Abstract: Human activity can greatly influence the behavior and distribution of bottlenose dolphins (Tursiops truncatus). This project focused on the distribution and behavior of bottlenose dolphins in the Drowned Cayes, Belize. Prior to the 2000s, the area was relatively undeveloped and undisturbed and had minimal human activity. Since 2000, fish camps, small resorts, and cruise ship tourism have flourished in the area. This has caused an increase of over 800,000 visitors from 1998 to 2006. Boat-based survey data were collected from 2005 to 2015 and compared to results from surveys conducted in 1999-2000. Total dolphin observation time as a percentage of total survey time was 17.2% in the 1999-2000 dataset and 10.8% in the 2005-2015 datasets. This decrease in observation time suggests that the dolphin population in the Drowned Cayes has decreased since the late 1990s. However, these values could be influenced by survey methods. In 2015, cruise ship presence in the area was also recorded. Eighty-nine percent of the total observation time for 2015 occurred on days for which there were zero cruise ships present, suggesting that dolphins may be avoiding the area when cruise ships are present. Foraging was the most frequently observed behavior in both 1999-2000 and 2005 to 2015 suggesting that the Drowned Cayes is used as a foraging area. That said, the percent of foraging activity was significantly higher in 1999-2000 (86.3%) than in 2005 to 2015 (57.4%), having dropped by 28.9%. Interestingly, there was a 23.6% increase in traveling behavior between 1999-2000 (9.2%) and 2005 to 2015 (32.8%). These behavioral changes could potentially be linked to increased human activity or other unidentified factors. Examining observed changes in behavior increases knowledge of this species in the study area and can provide insight for improved local management of this small dolphin population.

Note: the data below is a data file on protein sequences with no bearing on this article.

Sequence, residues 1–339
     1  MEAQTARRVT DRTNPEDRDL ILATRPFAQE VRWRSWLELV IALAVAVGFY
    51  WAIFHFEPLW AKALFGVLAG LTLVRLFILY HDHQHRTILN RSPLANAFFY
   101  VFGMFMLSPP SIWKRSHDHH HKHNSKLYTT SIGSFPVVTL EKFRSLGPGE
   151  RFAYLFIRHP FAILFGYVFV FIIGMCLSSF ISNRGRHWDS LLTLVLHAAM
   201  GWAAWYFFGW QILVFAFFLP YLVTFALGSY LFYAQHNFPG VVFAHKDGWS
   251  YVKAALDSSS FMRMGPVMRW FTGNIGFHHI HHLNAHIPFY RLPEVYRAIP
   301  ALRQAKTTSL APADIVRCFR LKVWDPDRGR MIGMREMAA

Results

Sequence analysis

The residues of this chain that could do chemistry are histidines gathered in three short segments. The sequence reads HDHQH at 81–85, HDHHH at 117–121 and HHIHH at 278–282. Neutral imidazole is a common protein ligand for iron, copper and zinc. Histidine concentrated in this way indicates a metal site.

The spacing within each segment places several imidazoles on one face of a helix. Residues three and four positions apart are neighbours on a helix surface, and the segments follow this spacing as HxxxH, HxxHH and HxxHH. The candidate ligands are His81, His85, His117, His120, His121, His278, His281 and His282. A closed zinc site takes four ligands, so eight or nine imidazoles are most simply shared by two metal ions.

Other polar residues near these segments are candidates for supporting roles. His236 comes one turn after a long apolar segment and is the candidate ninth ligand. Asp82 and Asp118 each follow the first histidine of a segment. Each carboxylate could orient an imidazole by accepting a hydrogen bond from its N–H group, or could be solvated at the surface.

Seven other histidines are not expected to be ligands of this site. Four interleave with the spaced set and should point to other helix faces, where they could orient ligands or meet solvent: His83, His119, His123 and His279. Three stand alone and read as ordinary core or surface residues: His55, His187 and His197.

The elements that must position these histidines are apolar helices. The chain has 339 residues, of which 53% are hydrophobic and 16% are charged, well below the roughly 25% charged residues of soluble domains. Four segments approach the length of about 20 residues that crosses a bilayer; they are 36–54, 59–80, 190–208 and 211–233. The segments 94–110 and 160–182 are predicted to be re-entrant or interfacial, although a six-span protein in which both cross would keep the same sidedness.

Key Words: Belize Barrier Reef Lagoon System, ecotourism, behavior, cruise ships, mother–calf pairs, Swallow Caye Wildlife Sanctuary, conservation, human impacts, bottlenose dolphin, Tursiops truncatus
Document Type: Research Article
DOI: https://doi.org/10.1578/AM.43.6.2017.661
Page Numbers: 661-672

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